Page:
’xu? bì’ – Sprite in China – (snow green/jade) also belongs to this category. The Chinese brand name does not communicate the product category of the brand, nor does it directly convey any of the functional attributes of the sparkling drink. Still the name stands for snow, white, crystal transparent on the one hand and for green, jade, clear blue, on the other hand, which evokes the idea of freshness, nature, and transform the brand in an abstract idea: pure as jade, cool and refreshing as snow. Indeed, sales skyrocketed in China after Sprite adopted this brand name.

So what makes for a great brand name and when are poetic names the best choice?

Naturally many factors are to be taken into account.

The industry, first of all, plays a relevant role here. Some industries, pharmaceutical for instance, might prefer descriptive names as these are best suited to convey product attributes and brand reliability.

Secondly, the brand identity, values and tone all need to be taken into account to determine the sort of name that could be best suited to represent a brand in China. Look at Baidu and Google. Whereas both brands operate in the same industry, Baidu’s poetic name has been a great mean to convey the brand identity while creating an emotional bond with netizens4. Google’s name [“GuGe”], instead, has been unwelcome by Chinese consumers as its poetic, traditional feeling does not exemplify Google’s creative, young, innovative brand identity and character5.

Surely, the brand target market also plays an important role here. What tugs your consumer heartstring? What do they look for when they prefer a certain brand over another? A poetic name is definitely a good choice when it helps introduce a company to its customers, to characterize it with the public at large and to differentiate its offerings from the competition’s.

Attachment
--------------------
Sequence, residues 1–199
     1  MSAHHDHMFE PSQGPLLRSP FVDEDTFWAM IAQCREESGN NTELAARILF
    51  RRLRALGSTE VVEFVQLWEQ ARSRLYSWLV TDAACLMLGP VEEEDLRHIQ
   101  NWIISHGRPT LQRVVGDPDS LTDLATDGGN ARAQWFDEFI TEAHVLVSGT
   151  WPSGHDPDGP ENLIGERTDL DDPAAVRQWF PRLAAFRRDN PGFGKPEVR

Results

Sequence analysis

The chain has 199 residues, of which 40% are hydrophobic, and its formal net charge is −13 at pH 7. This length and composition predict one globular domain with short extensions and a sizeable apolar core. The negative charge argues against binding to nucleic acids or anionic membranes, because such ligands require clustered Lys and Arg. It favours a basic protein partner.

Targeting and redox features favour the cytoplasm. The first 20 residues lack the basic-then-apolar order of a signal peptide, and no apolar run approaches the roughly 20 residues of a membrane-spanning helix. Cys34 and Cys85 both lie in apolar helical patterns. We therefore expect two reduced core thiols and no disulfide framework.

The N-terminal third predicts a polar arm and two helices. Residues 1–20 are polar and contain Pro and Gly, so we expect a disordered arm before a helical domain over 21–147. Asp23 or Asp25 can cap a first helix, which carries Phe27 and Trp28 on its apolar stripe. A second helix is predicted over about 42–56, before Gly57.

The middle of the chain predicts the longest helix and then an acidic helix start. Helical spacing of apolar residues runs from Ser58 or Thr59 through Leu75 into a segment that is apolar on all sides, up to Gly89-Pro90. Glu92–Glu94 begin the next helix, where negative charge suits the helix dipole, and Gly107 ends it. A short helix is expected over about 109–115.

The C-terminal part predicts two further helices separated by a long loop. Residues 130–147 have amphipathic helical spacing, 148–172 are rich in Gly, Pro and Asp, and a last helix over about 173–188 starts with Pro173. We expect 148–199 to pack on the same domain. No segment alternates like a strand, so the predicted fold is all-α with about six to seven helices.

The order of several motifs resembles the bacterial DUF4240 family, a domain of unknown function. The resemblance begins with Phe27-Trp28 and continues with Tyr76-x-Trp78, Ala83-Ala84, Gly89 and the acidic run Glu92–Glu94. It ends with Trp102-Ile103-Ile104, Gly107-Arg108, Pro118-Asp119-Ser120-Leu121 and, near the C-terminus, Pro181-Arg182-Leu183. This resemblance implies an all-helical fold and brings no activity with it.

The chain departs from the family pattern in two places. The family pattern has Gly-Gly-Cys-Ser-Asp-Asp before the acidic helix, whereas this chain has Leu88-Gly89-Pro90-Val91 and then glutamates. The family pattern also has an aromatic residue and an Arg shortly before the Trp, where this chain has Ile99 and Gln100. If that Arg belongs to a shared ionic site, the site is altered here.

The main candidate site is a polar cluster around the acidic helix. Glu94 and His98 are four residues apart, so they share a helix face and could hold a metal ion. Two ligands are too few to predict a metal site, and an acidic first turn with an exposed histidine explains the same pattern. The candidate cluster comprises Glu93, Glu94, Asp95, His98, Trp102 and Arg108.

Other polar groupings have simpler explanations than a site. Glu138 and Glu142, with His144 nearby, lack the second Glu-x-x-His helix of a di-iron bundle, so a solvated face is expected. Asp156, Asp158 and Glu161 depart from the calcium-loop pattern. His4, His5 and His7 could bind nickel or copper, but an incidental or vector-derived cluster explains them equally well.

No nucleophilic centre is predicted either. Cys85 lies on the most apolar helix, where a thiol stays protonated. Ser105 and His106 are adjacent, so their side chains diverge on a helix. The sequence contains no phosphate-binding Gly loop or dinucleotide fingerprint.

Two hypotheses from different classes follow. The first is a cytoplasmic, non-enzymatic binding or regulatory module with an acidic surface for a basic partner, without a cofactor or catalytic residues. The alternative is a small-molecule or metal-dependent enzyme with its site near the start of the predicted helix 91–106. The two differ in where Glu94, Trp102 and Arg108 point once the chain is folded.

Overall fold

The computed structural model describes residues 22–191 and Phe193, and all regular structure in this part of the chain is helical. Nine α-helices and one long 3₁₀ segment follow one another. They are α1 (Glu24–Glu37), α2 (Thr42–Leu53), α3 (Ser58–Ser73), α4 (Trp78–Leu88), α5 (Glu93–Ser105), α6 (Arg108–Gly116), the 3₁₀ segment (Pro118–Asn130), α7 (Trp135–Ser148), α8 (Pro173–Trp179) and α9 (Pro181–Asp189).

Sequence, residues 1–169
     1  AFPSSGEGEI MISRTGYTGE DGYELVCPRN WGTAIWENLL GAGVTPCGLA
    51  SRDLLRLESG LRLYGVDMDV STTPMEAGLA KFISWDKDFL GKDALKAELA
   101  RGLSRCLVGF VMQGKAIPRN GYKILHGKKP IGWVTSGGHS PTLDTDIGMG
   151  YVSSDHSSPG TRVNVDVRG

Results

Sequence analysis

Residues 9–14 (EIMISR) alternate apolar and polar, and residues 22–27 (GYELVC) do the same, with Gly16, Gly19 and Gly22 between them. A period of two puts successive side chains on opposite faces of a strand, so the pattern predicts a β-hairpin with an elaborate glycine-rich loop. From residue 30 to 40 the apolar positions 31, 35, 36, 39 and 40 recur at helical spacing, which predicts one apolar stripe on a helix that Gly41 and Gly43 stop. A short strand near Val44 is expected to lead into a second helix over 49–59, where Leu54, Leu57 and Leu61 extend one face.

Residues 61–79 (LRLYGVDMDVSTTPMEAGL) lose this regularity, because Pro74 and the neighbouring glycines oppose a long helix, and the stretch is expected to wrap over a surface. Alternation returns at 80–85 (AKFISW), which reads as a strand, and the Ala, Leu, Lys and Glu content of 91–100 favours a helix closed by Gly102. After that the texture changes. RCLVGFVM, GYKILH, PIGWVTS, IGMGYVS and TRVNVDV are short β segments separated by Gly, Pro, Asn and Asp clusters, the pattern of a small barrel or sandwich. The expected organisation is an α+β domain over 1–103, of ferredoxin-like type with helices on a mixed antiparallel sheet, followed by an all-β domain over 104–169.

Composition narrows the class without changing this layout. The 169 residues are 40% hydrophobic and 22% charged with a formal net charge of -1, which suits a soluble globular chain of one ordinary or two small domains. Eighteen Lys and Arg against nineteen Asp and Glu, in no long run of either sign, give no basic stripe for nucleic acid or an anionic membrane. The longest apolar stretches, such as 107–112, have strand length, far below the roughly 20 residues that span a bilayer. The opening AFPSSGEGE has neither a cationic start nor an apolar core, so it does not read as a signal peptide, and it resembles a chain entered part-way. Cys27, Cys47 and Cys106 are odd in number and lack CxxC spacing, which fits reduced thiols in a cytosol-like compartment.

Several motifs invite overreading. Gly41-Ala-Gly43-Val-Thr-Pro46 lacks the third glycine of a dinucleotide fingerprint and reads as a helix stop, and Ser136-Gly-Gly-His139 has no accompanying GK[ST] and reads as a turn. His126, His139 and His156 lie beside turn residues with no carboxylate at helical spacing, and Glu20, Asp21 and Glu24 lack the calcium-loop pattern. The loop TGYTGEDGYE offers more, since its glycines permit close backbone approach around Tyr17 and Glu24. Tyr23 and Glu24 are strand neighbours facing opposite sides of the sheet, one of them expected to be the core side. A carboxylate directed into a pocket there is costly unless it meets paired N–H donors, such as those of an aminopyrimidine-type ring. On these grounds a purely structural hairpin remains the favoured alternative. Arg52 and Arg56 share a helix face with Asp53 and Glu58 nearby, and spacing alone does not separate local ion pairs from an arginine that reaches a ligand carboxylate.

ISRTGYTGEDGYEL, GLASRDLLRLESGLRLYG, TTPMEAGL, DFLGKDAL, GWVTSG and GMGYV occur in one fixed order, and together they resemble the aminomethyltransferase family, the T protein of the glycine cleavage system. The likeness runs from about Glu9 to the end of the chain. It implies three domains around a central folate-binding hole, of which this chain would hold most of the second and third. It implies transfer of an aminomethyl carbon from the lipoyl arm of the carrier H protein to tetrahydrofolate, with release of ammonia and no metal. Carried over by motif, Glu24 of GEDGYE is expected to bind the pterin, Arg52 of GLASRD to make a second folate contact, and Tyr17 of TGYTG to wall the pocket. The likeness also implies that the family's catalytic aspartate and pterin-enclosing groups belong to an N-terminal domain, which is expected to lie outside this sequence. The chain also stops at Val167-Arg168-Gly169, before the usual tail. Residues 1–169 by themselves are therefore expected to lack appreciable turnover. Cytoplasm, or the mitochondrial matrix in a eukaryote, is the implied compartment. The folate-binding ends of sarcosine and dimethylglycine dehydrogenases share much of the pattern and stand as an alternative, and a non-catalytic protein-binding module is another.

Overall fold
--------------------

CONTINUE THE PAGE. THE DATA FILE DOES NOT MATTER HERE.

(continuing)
This being said, the most important advantage of poetic brand names is to create an emotional touch point with customers. Whenever a poetic dimension can provide your brand name with a set of associations and images that meet your customer needs and desire, poetic naming can be a good choice as it promotes your image and gives your brand a unique allure and differential factor.

1. 2004, Aaker David A. “Brand Portfolio Strategy: Creating Relevance, Differentiation, Energy, Leverage, and Clarity” Simon & Schuster Adult Publishing Group

2. The full poem follows:
In English: “Her robe is a cloud, her face a flower/ Her balcony, glimmering with the bright spring dew/ Is either the tip of earth’s Jade Mountain/ Or a moon- edged roof of paradise.”

3. http://i.mop.com/jcxian23/blog/2006/10/15/2412995.html

4. Baidu’s name originates from a Song dynasty poem which is more than 900 years old. The poem compares the search for a retreating beauty amid chaotic glamour with the search for one’s dream while confronted by life’s many obstacles. “Hundreds and thousands of times, for her I searched in chaos, suddenly, I turned by chance, to where the lights were waning, and there she stood.”

5. 2006, May, “Are you listening Google?” Labbrand http://labbrand.com/english/view_news.php?id=185-Are-you-listening-Google-